They say you can’t put a price on life, but what about death? Earlier this year I spoke to Jerry Givens, a former state executioner turned death penalty abolitionist. He told me that for people who carry out the death penalty, the real, enduring cost is emotional.
“If I had known what I’d have to go through as an executioner, I wouldn’t have done it. It took a lot out of me to do it. You can’t tell me I can take the life of people and go home and be normal.”
Givens executed 62 people during his 17 years working for Virginia’s Department of Corrections, and like many executioners, he felt the consequences long after the act itself. It was clear from speaking with Givens that he couldn’t shake the lasting weight of his actions, and he’s certainly not alone: a startling 31 percent of prison staff who perform executions will suffer from post-traumatic stress. Flashbacks, nightmares and other symptoms of PTSD are habitually seen among correctional officers and executioners, according to the National Coalition to Abolish the Death Penalty.
It isn’t just the prison staff who suffer. California Gov. Edmund Brown had the unenviable task of deciding whether to commute death sentences to life without parole — absolute judgments over life and death that continued to haunt him through his later years:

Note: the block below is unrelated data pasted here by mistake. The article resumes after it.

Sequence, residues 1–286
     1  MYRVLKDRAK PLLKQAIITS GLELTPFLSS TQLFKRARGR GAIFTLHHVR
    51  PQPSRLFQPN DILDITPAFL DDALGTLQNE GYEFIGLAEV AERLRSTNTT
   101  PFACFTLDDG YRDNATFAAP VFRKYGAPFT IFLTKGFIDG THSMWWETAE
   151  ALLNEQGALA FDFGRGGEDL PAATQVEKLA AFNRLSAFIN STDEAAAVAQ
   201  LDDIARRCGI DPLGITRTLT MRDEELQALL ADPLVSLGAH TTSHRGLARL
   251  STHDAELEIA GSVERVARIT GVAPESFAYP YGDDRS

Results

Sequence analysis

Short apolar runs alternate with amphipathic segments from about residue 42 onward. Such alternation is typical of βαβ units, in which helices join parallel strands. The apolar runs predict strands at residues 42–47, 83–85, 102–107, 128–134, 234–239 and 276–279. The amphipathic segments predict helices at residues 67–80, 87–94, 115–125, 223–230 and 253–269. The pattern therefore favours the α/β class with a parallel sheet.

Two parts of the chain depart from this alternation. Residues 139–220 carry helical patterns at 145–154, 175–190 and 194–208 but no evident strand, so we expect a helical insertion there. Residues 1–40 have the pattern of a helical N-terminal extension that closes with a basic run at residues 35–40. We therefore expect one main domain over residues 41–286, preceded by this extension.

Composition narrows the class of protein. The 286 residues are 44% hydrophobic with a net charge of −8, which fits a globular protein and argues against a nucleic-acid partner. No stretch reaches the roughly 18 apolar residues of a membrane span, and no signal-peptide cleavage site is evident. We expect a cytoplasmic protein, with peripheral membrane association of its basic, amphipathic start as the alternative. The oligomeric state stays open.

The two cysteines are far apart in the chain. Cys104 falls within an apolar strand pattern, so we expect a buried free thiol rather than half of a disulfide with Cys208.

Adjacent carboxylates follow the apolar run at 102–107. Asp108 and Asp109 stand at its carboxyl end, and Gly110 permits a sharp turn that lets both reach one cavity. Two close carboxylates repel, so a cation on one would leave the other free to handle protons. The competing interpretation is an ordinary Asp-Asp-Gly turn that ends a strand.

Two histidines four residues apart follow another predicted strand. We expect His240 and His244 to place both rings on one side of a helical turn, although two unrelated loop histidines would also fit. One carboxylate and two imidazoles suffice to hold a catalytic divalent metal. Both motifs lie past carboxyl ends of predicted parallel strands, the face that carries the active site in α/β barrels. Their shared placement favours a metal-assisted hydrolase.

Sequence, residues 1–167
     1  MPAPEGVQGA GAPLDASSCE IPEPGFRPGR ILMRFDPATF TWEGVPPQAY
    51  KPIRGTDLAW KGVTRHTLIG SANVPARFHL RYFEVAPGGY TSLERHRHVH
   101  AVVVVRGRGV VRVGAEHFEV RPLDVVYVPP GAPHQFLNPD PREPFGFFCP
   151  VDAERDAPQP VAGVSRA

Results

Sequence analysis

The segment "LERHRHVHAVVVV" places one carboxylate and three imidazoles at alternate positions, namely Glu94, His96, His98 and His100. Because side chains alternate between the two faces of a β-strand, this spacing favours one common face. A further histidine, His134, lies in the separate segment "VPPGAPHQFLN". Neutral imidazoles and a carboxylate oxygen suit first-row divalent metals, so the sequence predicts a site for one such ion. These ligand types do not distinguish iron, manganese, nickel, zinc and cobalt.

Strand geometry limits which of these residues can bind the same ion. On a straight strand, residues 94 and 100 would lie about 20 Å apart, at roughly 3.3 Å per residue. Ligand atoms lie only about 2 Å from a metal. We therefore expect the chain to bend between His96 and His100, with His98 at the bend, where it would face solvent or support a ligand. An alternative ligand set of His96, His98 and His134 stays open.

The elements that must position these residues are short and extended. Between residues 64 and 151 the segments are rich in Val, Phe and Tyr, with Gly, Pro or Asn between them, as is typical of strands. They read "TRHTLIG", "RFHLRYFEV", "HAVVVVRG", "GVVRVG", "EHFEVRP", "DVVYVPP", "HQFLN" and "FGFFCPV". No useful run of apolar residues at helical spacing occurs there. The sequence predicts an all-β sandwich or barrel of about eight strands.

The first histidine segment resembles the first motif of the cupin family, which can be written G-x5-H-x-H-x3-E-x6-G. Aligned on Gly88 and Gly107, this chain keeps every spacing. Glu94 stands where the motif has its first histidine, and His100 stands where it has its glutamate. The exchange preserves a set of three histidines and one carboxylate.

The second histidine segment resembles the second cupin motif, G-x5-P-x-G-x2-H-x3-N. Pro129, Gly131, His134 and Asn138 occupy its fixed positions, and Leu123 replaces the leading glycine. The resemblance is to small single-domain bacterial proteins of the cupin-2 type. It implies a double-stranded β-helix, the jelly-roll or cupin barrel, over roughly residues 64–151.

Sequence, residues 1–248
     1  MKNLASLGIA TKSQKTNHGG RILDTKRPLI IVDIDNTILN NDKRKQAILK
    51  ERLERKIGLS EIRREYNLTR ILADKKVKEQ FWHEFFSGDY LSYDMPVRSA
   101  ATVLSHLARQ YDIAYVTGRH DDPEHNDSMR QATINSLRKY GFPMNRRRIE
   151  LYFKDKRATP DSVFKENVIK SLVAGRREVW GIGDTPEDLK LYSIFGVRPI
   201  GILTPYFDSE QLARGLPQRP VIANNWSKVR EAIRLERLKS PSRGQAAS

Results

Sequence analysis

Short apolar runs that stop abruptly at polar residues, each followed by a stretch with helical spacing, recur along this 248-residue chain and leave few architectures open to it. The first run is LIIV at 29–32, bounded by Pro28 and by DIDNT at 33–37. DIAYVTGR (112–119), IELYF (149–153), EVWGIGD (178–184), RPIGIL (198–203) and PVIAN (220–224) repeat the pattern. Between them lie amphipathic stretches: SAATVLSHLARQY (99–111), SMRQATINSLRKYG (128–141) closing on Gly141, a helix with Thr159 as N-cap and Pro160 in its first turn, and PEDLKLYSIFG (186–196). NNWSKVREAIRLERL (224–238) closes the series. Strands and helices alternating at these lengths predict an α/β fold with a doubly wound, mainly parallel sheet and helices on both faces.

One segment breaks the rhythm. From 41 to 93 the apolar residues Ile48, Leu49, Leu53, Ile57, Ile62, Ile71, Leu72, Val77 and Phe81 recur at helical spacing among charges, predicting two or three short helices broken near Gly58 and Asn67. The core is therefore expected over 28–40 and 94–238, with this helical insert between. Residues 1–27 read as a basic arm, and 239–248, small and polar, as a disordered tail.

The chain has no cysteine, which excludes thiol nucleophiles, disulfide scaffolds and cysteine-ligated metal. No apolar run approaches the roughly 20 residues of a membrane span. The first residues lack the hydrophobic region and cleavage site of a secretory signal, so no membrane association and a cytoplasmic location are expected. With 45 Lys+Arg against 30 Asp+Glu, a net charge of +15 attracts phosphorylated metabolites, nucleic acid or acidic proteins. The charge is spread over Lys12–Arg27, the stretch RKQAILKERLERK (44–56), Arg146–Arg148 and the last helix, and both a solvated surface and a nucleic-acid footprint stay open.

“The longer I live, the larger loom those decisions I had to make as governor. Looking back over their names and files now, I realize that each decision took something out of me that nothing – not family or work or hope for the future – has ever been able to replace.”
So what was it that Brown lost in the process? Steve Martin, a former execution witness for the Texas Department of Corrections, believes it’s nothing less than his humanity: “We do these things we’d never normally be involved in because they’re sanctioned by the government,” he explained. “And then we start walking through them in a mechanical fashion. We become detached. We lose our humanity.”
A Moral Dilemma
It’s estimated that around 10 percent of death row inmates suffer from a severe mental illness; recently these statistics have again raised some of the moral dilemmas surrounding capital punishment. According to legal briefs raised in courtthis year, the very nature of executing someone who lacks the capacity to fully comprehend their actions “offends humanity”. American law asserts that it is illegal to execute the insane – but what constitutes ‘insanity’ is up to each state to decide.